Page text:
Something old, something new -- MontrachetHere's a twist...

ON THE HOME FRONT

March 08, 1992|By Jill L. Kubatko

Something old, something new -- Montrachet

Here's a twist. If you can't afford to buy something old, you can always buy something new. A line of new furniture purposely designed to look like hand-me-downs from Aunt Sally's attic or Grandma's barn is arriving at the Towson Thomasville Galleries later this month.

The line, called Montrachet, after a region in south central France, includes antique-looking furniture with details such as hand-painted, hand-rubbed finishes and old-fashioned planked tops.

Also in the collection are items embellished with relief carvings of French country motifs such as sunflowers and shafts of wheat, ** and furniture that combines wood and wrought iron. The public doesn't often get a chance to peek inside the Washington Design Center, unless accompanied by a designer, architect or someone with similar credentials-- but this coming Saturday, everyone is welcome.

House Beautiful magazine is sponsoring, in conjunction with the center, a special day of trend seminars and panel discussions. Design buffs will also get the chance to see decorator showrooms, meet close to 300 interior designers, and learn about new home products.

"A Day with House Beautiful" will take place at the Washington Design Center, 300 D St., S.W. in Washington, D.C., from 10 a.m. to 4 p.m. Admission is $30 at the door. Proceeds benefit the Children's National Medical Center. For more information call (202) 479-4227.

J.L.K. Creative color play is something increasing numbers of people are trying their hand at these days, says former Baltimorean Leatrice Eiseman, a nationally known color consultant now based in Seabeck, Wash.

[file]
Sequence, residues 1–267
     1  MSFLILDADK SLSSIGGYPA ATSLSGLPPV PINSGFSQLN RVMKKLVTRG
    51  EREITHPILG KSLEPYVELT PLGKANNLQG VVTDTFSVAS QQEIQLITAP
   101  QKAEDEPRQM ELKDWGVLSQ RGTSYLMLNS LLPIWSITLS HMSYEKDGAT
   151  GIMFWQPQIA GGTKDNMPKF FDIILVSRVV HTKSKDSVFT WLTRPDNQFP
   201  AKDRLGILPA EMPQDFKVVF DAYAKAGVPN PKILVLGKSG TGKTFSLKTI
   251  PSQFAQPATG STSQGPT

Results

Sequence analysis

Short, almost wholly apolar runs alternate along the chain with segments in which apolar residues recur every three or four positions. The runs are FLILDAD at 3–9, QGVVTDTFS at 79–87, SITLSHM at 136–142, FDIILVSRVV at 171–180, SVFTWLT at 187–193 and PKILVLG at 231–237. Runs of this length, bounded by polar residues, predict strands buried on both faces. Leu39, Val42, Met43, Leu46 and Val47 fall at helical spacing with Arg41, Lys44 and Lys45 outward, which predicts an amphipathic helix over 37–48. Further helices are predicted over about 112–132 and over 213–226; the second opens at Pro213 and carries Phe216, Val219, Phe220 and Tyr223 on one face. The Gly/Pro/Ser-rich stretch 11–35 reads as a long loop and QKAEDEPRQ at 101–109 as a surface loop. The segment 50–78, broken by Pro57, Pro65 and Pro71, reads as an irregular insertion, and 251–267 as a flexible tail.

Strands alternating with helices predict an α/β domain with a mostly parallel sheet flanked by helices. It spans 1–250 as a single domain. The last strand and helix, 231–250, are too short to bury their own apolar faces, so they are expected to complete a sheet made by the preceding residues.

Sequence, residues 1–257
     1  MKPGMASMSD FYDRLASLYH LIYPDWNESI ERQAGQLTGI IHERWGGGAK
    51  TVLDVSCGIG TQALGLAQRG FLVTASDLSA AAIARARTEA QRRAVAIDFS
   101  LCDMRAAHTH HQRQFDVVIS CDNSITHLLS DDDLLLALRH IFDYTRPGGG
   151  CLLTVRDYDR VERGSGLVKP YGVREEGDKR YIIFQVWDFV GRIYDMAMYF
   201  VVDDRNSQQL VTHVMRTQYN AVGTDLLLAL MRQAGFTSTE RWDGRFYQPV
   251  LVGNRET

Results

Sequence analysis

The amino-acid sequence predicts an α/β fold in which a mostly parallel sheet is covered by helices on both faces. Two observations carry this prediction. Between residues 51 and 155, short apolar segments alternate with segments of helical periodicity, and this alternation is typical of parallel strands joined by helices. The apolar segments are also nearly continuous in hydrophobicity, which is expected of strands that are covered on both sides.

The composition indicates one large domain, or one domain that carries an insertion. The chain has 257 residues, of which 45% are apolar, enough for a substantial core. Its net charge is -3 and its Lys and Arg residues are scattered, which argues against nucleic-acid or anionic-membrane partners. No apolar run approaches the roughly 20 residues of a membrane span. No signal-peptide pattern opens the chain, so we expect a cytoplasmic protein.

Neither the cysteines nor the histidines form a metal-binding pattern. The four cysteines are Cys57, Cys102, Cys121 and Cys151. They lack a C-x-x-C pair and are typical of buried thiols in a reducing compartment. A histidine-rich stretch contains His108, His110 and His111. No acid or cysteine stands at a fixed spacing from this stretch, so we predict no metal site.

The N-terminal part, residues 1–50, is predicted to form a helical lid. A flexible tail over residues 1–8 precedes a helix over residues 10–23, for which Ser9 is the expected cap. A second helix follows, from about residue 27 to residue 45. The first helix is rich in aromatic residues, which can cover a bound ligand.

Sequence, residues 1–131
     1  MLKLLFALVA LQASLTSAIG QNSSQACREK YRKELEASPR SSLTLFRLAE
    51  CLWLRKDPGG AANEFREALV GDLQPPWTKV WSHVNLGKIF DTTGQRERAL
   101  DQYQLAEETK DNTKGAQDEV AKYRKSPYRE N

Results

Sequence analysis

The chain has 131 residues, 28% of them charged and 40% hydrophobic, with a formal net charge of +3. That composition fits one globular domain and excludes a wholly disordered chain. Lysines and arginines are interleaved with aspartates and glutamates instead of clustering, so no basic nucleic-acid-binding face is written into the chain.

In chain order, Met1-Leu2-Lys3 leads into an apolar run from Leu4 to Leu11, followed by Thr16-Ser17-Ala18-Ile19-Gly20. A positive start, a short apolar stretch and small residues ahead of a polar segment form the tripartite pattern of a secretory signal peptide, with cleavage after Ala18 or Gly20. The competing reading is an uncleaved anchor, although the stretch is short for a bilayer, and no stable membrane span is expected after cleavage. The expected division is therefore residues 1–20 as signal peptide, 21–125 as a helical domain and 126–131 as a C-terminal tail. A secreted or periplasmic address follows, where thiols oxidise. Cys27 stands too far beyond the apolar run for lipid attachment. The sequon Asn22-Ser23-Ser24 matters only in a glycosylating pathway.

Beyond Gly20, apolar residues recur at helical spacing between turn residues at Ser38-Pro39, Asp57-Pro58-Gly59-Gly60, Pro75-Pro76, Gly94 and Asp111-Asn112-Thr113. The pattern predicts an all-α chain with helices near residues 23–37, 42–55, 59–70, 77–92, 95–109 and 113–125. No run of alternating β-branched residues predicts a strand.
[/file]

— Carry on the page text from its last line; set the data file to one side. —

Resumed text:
"It has taken some time to get people to use colors and mithem. But once you step over and make the decision to try it because it's new and fun, it grows on you," she says.

Even people who choose soft colors or neutrals for their main decorating theme are adding personality to their homes with the help of bright color accents.

Those accents, says Ms. Eiseman, could be anything from a colorful lamp shade to a bright carpet.

While the color forecasters at the Color Marketing Group say colors are moving generally in the direction of a natural, less artificial palette, they expect Spanish shades like matador red and flamenco gold to become important as a result of the 1992 Seville World's Fair and the Olympics in Barcelona.

Local interior designer Alexander Baer believes subtle shades are starting to make way for rich Crayola-crayon greens, blues and reds, used in solid blocks of color rather than prints.

J.L.K. With a recession underway, artisans setting up their crafts at the 1992 ACC Craft Fair weren't quite sure what to expect. Would people be willing to part with their limited funds for a nonessential, no matter how beautiful?

Apparently so. More than 30,000 people -- only 1,000 fewer than last year -- came to look, and they spent $3.9 million, up from last year's Desert Storm era. Categories that showed an increase were ceramics, glass, wood furniture and mixed media (brooms, baskets and candles), says JoAnn Brown, director of American Craft Enterprises in Highland, N.Y.

Dollar amounts aside, local artisans say they fared rather well during the week-long fair.

"This is one of the few ways you can market yourself," said Stephen Perrin of Timonium, whose furniture, with an average price of about $2,000, was featured at the juried exhibit.

One of his most successful items was a folding chair that sold to European as well as American collectors. The Whitney Museum also placed orders.

Glass blower Anthony Corradetti, who works out of a studio on Hollins Street, sold six of his hand-blown, one-of-a-kind items, which also average about $2,000 each. Two were chosen by MCI's corporate offices in Washington.

J.L.K.

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